I was walking across the courtyard between buildings at the psychiatric institution where I work yesterday. Several people who have lived here for many years sat on benches under shady trees and we waved hello to each other, enjoying the beautiful day. Over the years I've been honored to have many people tell me about their lives. Like most people, I have felt that our life stories largely define us. The story of my life was my life. I have felt that the stories people told me about their lives- the childhood experiences, relationships, successes and failures, health and illness, good fortune and bad fortune- told me who they were: I was riveted by the story. I wanted to do whatever I could to help people have a happy life story. I wanted to do whatever I could to also have a happy life story myself.
But more and more I realize that life is not a story. Life is not primarily a string of experiences in time. I realize my attention has been captivated by and confined to concerns about the life situation, while life itself has been largely taken for granted, overlooked, and ignored.
Eckhart Tolle makes the distinction between life and the life situation. We all know what life situations are, we all know what the story of our lives is: but what is life? Not even the greatest scientist, theologian, or philosopher can say what life is. We are alive, we are life, but no one can really pin down exactly what this life that we are is.
After years of paying a lot of attention to my life situation, I am now beginning to pay more attention to this life that I am. This life that has nothing to do with any story or situation; this present life can be felt, sensed, known directly, inhabited, noticed, attended to, realized. Thinking about the life that I am at this very instant takes me away from it. Every day I am enjoying being more deeply and consciously this life that I am, without thinking about it.
As I put less weight on the particulars of my own story, I am noticing a shift in my experience of the people at the psychiatric institution. Whether the story of someone's life seemed overall "good" or "bad" had seemed terribly important. The goal in life was to have a happy story. If the story was unhappy, that meant it needed to be fixed. As for those at the opposite end of the story spectrum, those celebrities who seemed to have fairy tale success stories- beauty, wealth, talent, accomplishment, recognition- I was, along with so many others, many pressed up against the "window-pane" looking in longingly through the magazine and television pictures, feeling that my hum-drum life was pale by comparison.
So it comes as a shock every day that this life that I feel myself to be in this instant is an endless wonder of vibrancy. The story, the situation, is no longer the be-all and end-all of my life. The particulars of the life situation are no longer my primary focus when I talk with people at the hospital. I sense the life of the person I am talking with, I sense who they are apart from their story.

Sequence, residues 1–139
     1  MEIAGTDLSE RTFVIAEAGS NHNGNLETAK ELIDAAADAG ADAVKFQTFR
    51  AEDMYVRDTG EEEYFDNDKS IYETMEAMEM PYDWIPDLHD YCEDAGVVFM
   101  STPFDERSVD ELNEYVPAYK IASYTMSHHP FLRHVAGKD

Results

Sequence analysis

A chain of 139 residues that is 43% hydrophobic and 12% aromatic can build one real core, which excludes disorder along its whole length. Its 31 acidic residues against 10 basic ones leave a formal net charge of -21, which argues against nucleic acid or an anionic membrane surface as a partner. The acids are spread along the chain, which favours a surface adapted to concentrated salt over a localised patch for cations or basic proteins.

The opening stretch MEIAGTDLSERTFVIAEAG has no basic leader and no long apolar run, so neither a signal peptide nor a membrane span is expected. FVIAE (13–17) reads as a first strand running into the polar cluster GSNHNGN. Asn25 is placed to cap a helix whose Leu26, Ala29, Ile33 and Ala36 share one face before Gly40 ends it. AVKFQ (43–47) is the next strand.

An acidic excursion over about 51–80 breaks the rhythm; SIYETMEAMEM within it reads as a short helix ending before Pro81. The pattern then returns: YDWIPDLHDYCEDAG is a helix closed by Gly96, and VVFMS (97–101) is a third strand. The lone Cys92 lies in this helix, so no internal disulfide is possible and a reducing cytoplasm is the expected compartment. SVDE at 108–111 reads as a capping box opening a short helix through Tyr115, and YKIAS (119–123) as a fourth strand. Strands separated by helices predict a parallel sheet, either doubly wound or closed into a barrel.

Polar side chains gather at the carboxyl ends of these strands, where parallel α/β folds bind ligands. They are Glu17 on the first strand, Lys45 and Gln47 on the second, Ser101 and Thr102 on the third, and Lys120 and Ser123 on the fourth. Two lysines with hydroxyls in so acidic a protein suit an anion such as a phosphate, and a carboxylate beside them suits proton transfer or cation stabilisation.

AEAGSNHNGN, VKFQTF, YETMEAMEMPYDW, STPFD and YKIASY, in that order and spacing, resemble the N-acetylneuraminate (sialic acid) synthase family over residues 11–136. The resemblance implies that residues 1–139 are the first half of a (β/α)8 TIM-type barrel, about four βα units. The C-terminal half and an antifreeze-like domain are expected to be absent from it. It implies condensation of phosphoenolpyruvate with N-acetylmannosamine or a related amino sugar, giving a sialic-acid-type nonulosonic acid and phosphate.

There is a shift in attention. Attention had once been constantly plotting how to improve the story of my life, how to improve my life situation, and how to improve the life situations of the people I work with. I still want a happy life story and I work to achieve positive situations in my life. I still wish to help people at the hospital to improve their life situations. But attention is drawn more deeply every day into the wordless wonder of being alive, the wonder of life itself independent of the life story. The life force is inherently joyful and it doesn't need to win the lottery to be happy. There is a deeper happiness available in every instant that has nothing to do with the circumstances in one's life.
When I said hello to the people in the courtyard, the inherent joy of being was present as the life within myself and as the life within the people who live here at the hospital. Our life stories don't separate us from the joy of being and our life stories don't separate us from each other.
A Window is Where the Wall is Absent
The life impulse to express and to connect arises in me and in all of us. This blog is a celebration of these life impulses. Please feel free to join in the conversation or to just visit. There is a Family Photo Album beneath the posts so you can "meet" my family and I. Welcome!
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- Distinguishing interpretation from actuality
- "You either love what's broken or you don't love."...
- Thinking doesn't solve problems, it creates them.
- "Mastery of life is the opposite of control."
- The Background
- Not knowing
- Touching peace
- Trust is true power
- Life in a psychiatric institution
- ▼ April (11)
- Colleen Loehr, M.D.
- Greetings. I am a psychiatrist working at a state hospital, and Adjunct Assistant Professor of Psychiatry at University of Missouri Medical School. I am also a wife and mother of three grown children. Qigong has profoundly changed my life for the better. I am interested in connecting with other people interested in qigong.